A Conversation With…Veron Johnson
Veron Johnson joined Hudson in mid-2021 to work with patients, many of whom fight an often-silent battle with mental health which can spur addiction and complicate recovery efforts.
His resume includes serving as a Mental Health Professional Counselor at the Md. Dept. of Health and as a Co-Occurring Mental Health Therapist at Tidal Health. While working, he earned a Master of Education in Guidance and Counseling from UMES. He’s taught at Sojourner Douglas College, and earlier in his career held posts at the Md. Department of Juvenile Services.
In 2020, Johnson was nominated as one of the Eastern Shores “100 Most Distinguished Men” for his work. Here he shares with us his thoughts about challenges the African American Community faces when it comes to addiction and mental health care.
Q: You joined Hudson in the heart of the pandemic. How has the experience been?
It has been unique. We take all the precautions you can imagine to keep patients and staff safe. All of us are nervous about the pandemic, but we know our services are needed and we have been pushing through in order to provide quality care to our patients.
Q: What mental health challenges are specific for those in recovery?
Some folks come to us having had some therapy, but many more have not and are undiagnosed with very real issues. They keep trying to push those out of the way to treat their addiction, which creates a never-ending cycle. Here we teach that they must learn to treat their whole self if they want to get in and stay in recovery.
Q: How do challenges such as ADHD, depression, anxiety and OCD play into addiction?
Addiction often starts when a person with a mental health issue self-medicates with alcohol, heroin, fentanyl … they experience an increase in dopamine and feelings of euphoria. We need to teach them how to retrain their brain to cope with their mental health issue and stay off illegal drugs. I work closely with Dr. Bautista, our staff psychiatrist, to help a patient explore other medication options that may also help.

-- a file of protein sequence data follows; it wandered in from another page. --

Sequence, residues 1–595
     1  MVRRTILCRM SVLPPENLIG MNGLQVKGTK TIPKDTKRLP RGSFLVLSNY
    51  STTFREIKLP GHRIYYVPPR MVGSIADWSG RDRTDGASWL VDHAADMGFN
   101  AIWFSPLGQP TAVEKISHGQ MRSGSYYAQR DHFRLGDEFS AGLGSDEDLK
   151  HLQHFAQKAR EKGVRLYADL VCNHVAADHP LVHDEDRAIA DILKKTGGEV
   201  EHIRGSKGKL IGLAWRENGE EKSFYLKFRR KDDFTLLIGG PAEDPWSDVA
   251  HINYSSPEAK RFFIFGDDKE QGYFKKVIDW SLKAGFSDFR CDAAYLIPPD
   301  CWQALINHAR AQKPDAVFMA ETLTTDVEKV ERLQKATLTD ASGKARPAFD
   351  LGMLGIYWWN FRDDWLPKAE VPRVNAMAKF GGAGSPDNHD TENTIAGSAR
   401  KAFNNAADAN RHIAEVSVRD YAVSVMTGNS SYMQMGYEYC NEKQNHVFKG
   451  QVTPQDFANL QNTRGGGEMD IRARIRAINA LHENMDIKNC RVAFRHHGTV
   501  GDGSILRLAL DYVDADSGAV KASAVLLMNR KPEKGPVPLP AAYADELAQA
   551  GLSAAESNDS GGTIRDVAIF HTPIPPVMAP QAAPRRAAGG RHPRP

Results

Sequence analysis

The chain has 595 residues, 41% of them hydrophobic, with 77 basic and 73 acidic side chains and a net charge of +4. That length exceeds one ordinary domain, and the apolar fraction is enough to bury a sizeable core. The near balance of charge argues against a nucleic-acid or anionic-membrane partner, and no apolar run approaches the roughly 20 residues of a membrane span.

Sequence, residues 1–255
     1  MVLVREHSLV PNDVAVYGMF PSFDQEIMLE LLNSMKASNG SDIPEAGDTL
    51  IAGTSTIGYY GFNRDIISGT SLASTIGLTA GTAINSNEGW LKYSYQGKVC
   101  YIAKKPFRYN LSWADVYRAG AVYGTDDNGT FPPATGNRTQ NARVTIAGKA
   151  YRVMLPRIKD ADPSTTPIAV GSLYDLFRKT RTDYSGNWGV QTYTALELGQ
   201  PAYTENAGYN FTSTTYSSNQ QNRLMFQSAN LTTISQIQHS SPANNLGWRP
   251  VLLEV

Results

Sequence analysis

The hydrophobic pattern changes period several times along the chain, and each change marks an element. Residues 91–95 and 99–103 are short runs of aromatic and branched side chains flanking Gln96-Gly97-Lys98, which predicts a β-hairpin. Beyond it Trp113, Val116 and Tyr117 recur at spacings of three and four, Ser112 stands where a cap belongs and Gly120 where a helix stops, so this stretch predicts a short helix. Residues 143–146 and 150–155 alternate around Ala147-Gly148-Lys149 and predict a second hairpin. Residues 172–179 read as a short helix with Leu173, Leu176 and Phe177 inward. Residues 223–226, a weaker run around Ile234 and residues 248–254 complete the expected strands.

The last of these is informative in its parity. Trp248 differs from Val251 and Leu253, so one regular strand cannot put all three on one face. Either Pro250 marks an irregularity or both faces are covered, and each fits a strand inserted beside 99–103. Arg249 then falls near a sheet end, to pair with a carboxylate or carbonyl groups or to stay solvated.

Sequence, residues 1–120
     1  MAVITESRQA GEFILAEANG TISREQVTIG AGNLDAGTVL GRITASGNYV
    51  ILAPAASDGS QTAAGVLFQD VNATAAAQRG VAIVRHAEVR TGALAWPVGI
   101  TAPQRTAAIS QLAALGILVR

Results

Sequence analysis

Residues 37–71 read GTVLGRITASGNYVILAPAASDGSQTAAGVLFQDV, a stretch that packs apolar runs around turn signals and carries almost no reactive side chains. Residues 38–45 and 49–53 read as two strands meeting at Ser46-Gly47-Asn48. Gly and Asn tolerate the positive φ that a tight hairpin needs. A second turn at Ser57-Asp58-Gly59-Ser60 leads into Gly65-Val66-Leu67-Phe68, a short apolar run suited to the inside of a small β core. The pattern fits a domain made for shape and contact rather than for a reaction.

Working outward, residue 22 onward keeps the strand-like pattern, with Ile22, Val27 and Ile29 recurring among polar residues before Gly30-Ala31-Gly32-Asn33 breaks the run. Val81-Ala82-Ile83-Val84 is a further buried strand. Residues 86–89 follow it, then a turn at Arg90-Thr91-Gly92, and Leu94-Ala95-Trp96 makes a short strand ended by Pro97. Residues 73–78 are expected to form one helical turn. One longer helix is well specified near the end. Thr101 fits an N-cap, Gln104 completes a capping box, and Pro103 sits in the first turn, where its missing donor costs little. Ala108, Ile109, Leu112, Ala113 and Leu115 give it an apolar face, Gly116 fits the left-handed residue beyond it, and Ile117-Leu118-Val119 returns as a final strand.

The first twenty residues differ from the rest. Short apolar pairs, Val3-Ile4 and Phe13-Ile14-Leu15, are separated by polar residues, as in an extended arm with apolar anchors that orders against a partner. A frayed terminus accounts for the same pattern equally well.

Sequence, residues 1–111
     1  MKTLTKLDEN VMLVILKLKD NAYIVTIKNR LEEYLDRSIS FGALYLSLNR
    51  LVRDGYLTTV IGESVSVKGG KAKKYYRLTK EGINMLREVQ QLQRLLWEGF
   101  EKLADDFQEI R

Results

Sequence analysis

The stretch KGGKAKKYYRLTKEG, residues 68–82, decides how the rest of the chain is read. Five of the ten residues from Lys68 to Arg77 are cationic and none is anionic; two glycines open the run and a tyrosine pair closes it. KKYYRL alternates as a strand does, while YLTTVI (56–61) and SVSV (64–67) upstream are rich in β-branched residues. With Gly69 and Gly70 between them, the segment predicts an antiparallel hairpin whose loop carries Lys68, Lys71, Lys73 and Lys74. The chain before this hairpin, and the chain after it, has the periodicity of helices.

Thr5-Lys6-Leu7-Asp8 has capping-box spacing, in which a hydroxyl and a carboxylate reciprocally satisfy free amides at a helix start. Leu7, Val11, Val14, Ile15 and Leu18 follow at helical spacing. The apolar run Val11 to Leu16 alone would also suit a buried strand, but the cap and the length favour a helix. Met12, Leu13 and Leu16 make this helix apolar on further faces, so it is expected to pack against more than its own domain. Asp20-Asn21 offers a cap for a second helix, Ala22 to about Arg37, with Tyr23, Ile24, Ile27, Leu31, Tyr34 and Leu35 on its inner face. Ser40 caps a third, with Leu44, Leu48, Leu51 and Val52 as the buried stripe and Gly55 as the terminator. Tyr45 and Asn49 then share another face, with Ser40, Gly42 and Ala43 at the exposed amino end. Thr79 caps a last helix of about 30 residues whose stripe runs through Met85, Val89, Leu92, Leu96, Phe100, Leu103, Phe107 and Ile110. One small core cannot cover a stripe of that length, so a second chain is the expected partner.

Q: What does patient success look like from your chair?
We want patients feeling well and confident when they leave Hudson; to know that they can change. They have been educated about mental health and its connection to recovery. They leave with techniques and coping skills, better ways to handle stress, and knowing how to manage anxiety.
Q: You’re from the Eastern Shore. How does that help you in your job?
I’m originally from Delmar, De., and I have lived in Salisbury as an adult. One thing I do notice specific to African American men – we are often taught to “keep your business in your household.” My goal is to help people of all walks of life feel comfortable to share (in therapy), but I do think that because I look like them as a Black man, that can help them feel more comfortable sharing important information. There are few male therapists here and fewer who are Black.
Q: You have offered workshops at the 3rd Annual African American Boys Conference and other organizations. What is your focus?
Young Black boys need positive role models, and my goal is to show them a Black man who works in mental health and deliver the message that “as an African American male, you are more than enough.” This gives them the opportunity to ask questions about mental health and make it clear that it’s OK to talk about their issues.
Q: Who are your role models?
Growing up my grandfather taught me about work ethic. He’d have me work in gardens and fields, and I was paid for those responsibilities. A little later I worked for an African American female supervisor in Juvenile Services, and she became a role model by showing me not to limit myself. I could work and go to school and accomplish my goals.
What are you still hoping to accomplish?
I want to travel the world! I have thought about going back to school, but I am still considering that, and someday I hope to own my own practice.
Q: Any last words?
I want each individual to know that when you focus on yourself and prioritize your health, you can achieve your goals. And that a positive attitude goes a long way.
Hudson Behavioral Health was formed in 1980 (as Hudson Health Services, Inc.) to bring the first residential recovery program to the Eastern Shore. Today, thousands of patients later, we remain the leader in recovery programs and resources, with our staff of 100 committed to serving each patient as an individual.